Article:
Enron, Lehmann Brothers, HealthSouth, American Insurance Group — you may have heard of these institutions, and most likely, for all the wrong reasons. These companies were some of largest embroiled in recent scandals for defrauding investors of billions of dollars. You may have even heard of the CEOs of some of these companies, like Bernie Madoff, Richard Scrushy, Kenneth Lay or Jeffrey Skilling. However, lost to history are the names of the unsung heroes in these cases: the forensic accountants.
Forensic Accounting and Law Enforcement
Forensic accounting is one of the most important financial investigative tools for law enforcement organizations. The FBI defines this profession at the intersection of “accounting, auditing and investigative skills to provide quantitative financial information suitable for a court of law.” That is, forensic accounting occurs when the objects of scrutiny may be used as evidence in litigation. While the evidence is financial in nature, the crime being prosecuted can range from fraud and racketeering to even kidnapping.
One of the most famous examples of forensic accounting was the Lindbergh baby’s kidnapping in 1932. To identify the kidnappers, authorities tracked the serial numbers of gold certificates used in the ransom. According to the FBI, “As a result, the various neighborhood banks discovered the bills close to the point at which they were passed, and it then became possible for the investigators to trace the bills to the person who had originally passed them.”
Forensic Accountants Are in Demand
While more contemporary examples abound, these heroes often must remain anonymous, as companies are hesitant to publicize that they’ve lost money somewhere. However, as the New York Times reports, forensic accounting is a growth industry. As more companies are waking up to the reality of white-collar crime, more forensic accountants are needed to investigate and help prosecute these crimes.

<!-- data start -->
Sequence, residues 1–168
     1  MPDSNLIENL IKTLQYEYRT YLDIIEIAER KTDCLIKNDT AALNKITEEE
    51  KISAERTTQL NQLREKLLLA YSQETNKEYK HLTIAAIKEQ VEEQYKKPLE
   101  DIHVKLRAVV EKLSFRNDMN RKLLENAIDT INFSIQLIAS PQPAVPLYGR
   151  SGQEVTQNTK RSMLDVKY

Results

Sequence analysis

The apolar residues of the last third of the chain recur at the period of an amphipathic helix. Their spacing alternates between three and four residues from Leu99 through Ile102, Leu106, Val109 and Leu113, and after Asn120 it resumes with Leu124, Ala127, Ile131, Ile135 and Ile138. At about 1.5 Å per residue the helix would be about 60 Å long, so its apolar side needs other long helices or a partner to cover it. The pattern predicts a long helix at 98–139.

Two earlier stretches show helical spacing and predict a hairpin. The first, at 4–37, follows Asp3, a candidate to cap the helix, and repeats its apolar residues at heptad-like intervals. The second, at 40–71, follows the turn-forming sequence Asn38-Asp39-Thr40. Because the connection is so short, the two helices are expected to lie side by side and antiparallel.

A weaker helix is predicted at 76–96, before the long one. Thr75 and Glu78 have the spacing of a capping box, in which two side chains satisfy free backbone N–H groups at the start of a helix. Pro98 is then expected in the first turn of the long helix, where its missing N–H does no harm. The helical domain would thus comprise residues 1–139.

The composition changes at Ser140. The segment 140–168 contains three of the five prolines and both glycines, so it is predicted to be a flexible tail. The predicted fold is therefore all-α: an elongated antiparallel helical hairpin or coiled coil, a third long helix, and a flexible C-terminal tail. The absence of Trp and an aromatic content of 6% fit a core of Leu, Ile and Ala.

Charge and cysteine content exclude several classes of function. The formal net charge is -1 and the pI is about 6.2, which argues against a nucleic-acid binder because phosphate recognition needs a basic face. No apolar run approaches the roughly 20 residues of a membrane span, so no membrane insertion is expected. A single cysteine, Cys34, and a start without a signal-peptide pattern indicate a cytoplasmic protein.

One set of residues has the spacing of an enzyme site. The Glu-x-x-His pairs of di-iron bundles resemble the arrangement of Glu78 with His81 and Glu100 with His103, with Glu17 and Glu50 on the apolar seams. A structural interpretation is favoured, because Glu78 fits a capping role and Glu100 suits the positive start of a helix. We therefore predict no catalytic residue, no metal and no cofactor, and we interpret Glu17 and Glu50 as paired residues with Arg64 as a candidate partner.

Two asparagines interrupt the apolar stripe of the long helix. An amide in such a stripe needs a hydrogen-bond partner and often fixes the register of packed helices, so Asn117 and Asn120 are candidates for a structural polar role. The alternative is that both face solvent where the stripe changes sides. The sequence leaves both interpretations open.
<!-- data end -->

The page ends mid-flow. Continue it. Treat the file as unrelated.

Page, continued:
Often, companies are looking for managers with specific training in forensic accounting. Some online MBA programs now offer courses geared specifically toward forensic accounting. Southeastern Oklahoma State University (SOSU), for example, offers a course that “examine(s) a variety of cases of corporate fraud involving asset misappropriation and corruption.” SOSU’s MBA with an emphasis in Accounting program acknowledges the value of forensic accounting not only as a discipline, but also as an important skill for most managers to have. The first line of defense against corporate fraud, after all, will be these MBA-wielding accountants.
Forensic Accounting and Big Data
Forensic accounting has come a long way since tracking serial numbers on gold certificates. In the era of Big Data, forensic accounting algorithms flag suspicious purchases on credit cards, track international investments and alert managers to misused company resources. While computers have taken over some of the heavy lifting for forensic accountants, organizations still need people to delve deeper and find patterns that computers miss.
Modern forensic accountants must keep pace with technology and stay one step ahead of fraudsters. Credit fraud is just one area that has exploded in recent decades. Now, forensic accountants are cataloging more fraud involving mobile technologies and email. Anthony Campanelli, a partner at Deloitte Financial Advisory Services LLP, sees more and more “forensic accountants (being) called in to help identify the source of an email following a phishing attack on a business.” While computers can help track and find problems, forensic accountants are integral to both gathering evidence and preventing future crimes.
In a 2017 case involving a $4.1 million embezzlement, Marcum, LLP (a national accounting firm) was called in to investigate “a long-term employee who resigned unexpectedly and had access to the company’s financial accounts.” The investigation eventually covered broad ground: “forensic analysis of various credit card statements, bank statements, company documents and records; forensic analysis and retrieval of deleted information from a company computer previously assigned to the individual; physical surveillance; investigative due diligence and asset traces of the individual, family members and various others; and interviews of fact witnesses, including proprietors of retail establishments at which purchases were made.” Such an investigation took a team of forensic accountants working across many streams of information to find the evidence necessary to convict.
As commerce morphs with new technologies, so does the field of forensic accounting. While forensic accounting is a rewarding career in its own right, the nature of financial crimes requires that managers remain current on techniques and prevention measures.